Photo of Laura Fant Laura Fant

Laura Fant is a special employment law counsel in the Labor & Employment Law Department and co-administrative leader of the Counseling, Training & Pay Equity Practice Group. Her practice is dedicated to providing clients with practical solutions to common (and uncommon) employment concerns…

Laura Fant is a special employment law counsel in the Labor & Employment Law Department and co-administrative leader of the Counseling, Training & Pay Equity Practice Group. Her practice is dedicated to providing clients with practical solutions to common (and uncommon) employment concerns, with a focus on legal compliance, risk management and mitigation strategies, and workplace culture considerations.

Laura regularly counsels clients across numerous industries on a wide variety of employment matters involving recruitment and hiring, employee leave and reasonable accommodation issues, performance management, and termination of employment . She also advises on preparing, implementing and enforcing employment and separation agreements, employee handbooks and company policies, as well as provides training on topics including discrimination and harassment in the workplace. Laura is a frequent contributor to Proskauer’s Law and the Workplace blog and The Proskauer Brief podcast.

Photo of Arielle E. Kobetz Arielle E. Kobetz

Arielle E. Kobetz is an associate in the Labor & Employment Law Department and a member of the Employment Counseling & Training Group. Her practice focuses on providing clients with strategies and counseling related to a variety of workplace-related disputes, including employee terminations…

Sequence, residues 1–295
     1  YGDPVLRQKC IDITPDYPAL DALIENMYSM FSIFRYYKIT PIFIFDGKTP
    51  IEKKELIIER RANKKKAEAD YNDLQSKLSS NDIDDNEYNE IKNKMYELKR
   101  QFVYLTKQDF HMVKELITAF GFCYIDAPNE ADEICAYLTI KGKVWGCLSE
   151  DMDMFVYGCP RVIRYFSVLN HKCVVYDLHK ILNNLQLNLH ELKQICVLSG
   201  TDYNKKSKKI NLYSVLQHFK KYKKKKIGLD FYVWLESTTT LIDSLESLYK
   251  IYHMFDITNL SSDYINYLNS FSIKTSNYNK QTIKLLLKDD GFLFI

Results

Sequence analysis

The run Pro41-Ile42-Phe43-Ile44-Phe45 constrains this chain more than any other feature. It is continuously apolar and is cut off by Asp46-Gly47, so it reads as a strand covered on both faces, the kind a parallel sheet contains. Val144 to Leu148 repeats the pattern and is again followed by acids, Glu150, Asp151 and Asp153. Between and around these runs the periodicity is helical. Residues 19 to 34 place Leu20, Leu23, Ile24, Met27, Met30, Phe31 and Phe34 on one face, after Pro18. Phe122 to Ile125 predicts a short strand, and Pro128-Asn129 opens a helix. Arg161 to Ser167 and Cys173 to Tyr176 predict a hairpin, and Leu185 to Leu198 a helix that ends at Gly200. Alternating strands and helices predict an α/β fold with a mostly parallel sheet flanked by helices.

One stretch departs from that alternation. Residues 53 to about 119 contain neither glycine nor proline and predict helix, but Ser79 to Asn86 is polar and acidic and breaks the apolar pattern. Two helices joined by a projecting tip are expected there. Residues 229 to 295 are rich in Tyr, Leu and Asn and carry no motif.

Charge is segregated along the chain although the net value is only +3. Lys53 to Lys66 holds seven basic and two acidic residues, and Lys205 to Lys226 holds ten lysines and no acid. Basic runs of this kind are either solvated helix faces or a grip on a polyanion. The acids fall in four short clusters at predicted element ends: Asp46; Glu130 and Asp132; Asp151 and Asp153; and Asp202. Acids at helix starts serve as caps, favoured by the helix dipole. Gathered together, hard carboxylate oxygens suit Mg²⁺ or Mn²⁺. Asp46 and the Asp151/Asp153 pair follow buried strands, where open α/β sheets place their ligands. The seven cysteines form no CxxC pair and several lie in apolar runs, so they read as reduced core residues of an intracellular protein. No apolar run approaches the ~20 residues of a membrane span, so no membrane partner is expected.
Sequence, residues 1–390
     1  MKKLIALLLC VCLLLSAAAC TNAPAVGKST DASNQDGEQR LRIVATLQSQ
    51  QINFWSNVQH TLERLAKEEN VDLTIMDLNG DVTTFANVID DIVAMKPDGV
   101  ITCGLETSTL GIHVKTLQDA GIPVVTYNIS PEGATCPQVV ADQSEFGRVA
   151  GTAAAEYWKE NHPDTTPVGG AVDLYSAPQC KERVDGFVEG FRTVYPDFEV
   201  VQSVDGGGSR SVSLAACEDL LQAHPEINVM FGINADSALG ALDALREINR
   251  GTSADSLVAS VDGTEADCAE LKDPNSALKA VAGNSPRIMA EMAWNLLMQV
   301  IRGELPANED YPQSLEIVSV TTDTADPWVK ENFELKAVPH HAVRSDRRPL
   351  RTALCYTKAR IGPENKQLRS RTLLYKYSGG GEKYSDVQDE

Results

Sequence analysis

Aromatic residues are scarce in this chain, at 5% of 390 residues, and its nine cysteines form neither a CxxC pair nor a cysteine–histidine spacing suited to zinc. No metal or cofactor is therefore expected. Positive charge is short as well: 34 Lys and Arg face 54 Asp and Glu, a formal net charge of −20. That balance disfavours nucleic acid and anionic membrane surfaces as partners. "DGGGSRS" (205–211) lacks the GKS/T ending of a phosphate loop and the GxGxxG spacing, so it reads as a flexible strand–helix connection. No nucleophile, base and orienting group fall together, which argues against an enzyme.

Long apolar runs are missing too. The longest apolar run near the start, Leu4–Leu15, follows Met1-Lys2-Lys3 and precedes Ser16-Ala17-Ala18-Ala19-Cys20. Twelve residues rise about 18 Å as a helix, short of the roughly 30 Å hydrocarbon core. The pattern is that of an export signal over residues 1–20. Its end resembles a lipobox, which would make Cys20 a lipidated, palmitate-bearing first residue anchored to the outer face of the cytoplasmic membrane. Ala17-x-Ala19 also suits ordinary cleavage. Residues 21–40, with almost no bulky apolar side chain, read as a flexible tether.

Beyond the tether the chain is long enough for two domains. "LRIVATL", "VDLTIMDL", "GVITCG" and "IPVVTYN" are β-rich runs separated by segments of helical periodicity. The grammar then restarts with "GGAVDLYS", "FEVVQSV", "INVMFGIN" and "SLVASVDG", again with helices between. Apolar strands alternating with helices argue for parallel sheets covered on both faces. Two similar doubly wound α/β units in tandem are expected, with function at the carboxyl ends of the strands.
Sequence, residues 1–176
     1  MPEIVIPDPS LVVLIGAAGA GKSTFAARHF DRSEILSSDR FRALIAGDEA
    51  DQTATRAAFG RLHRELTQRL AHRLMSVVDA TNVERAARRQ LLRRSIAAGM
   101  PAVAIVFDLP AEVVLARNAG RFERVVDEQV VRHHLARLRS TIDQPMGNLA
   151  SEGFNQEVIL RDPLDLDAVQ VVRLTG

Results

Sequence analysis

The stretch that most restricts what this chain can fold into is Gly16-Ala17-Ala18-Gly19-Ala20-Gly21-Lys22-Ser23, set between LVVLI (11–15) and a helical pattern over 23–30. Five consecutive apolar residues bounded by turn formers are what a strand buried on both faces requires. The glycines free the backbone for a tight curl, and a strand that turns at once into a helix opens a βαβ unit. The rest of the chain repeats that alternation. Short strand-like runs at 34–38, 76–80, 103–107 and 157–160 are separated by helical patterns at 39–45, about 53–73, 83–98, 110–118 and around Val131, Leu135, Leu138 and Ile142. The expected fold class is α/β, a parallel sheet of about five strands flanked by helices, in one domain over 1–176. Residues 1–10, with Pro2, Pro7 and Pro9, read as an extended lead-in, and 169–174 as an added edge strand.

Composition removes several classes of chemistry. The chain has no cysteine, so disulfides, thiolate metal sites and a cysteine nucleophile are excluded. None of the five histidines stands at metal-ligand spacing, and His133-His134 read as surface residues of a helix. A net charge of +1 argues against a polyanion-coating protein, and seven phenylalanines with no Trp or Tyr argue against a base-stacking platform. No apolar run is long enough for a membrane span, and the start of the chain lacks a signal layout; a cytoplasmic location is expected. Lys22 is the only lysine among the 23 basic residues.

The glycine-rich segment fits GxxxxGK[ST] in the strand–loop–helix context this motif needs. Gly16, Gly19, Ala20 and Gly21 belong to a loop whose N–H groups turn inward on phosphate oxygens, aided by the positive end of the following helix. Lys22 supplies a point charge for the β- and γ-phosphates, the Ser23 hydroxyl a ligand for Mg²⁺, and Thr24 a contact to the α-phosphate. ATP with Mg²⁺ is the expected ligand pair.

Arielle E. Kobetz is an associate in the Labor & Employment Law Department and a member of the Employment Counseling & Training Group. Her practice focuses on providing clients with strategies and counseling related to a variety of workplace-related disputes, including employee terminations and discipline, leave and accommodation requests, and general employee relations matters. She also counsels clients on developing, implementing and enforcing personnel policies and procedures and reviewing and revising employee handbooks under federal, state and local law.

Prior to joining Proskauer, Arielle served as a law clerk at the New York City Human Resources Administration, Employment Law Unit, where she worked on a variety of employment discrimination and internal employee disciplinary issues.

Photo of Ren Morris Ren Morris

Hannah D. Morris is an associate in the Labor Department and a member of the Employment Litigation & Counseling Group.

During her time at Proskauer, Hannah has assisted in litigation and investigation matters involving workplace harassment, discrimination, and retaliation. She also assists employers…

Hannah D. Morris is an associate in the Labor Department and a member of the Employment Litigation & Counseling Group.

During her time at Proskauer, Hannah has assisted in litigation and investigation matters involving workplace harassment, discrimination, and retaliation. She also assists employers in counseling matters, such as drafting employment handbooks and researching workplace policies.

Hannah earned her J.D. from the University of Virginia School of Law. While in law school, she served as a Research Assistant for Professor Richard J. Bonnie working on matters related to juvenile justice. Additionally, she interned for the Office of the Public Defender for Arlington County and the City of Falls Church.

Prior to law school, Hannah was a Teach for America Corps member teaching Fourth Grade in Eastern North Carolina.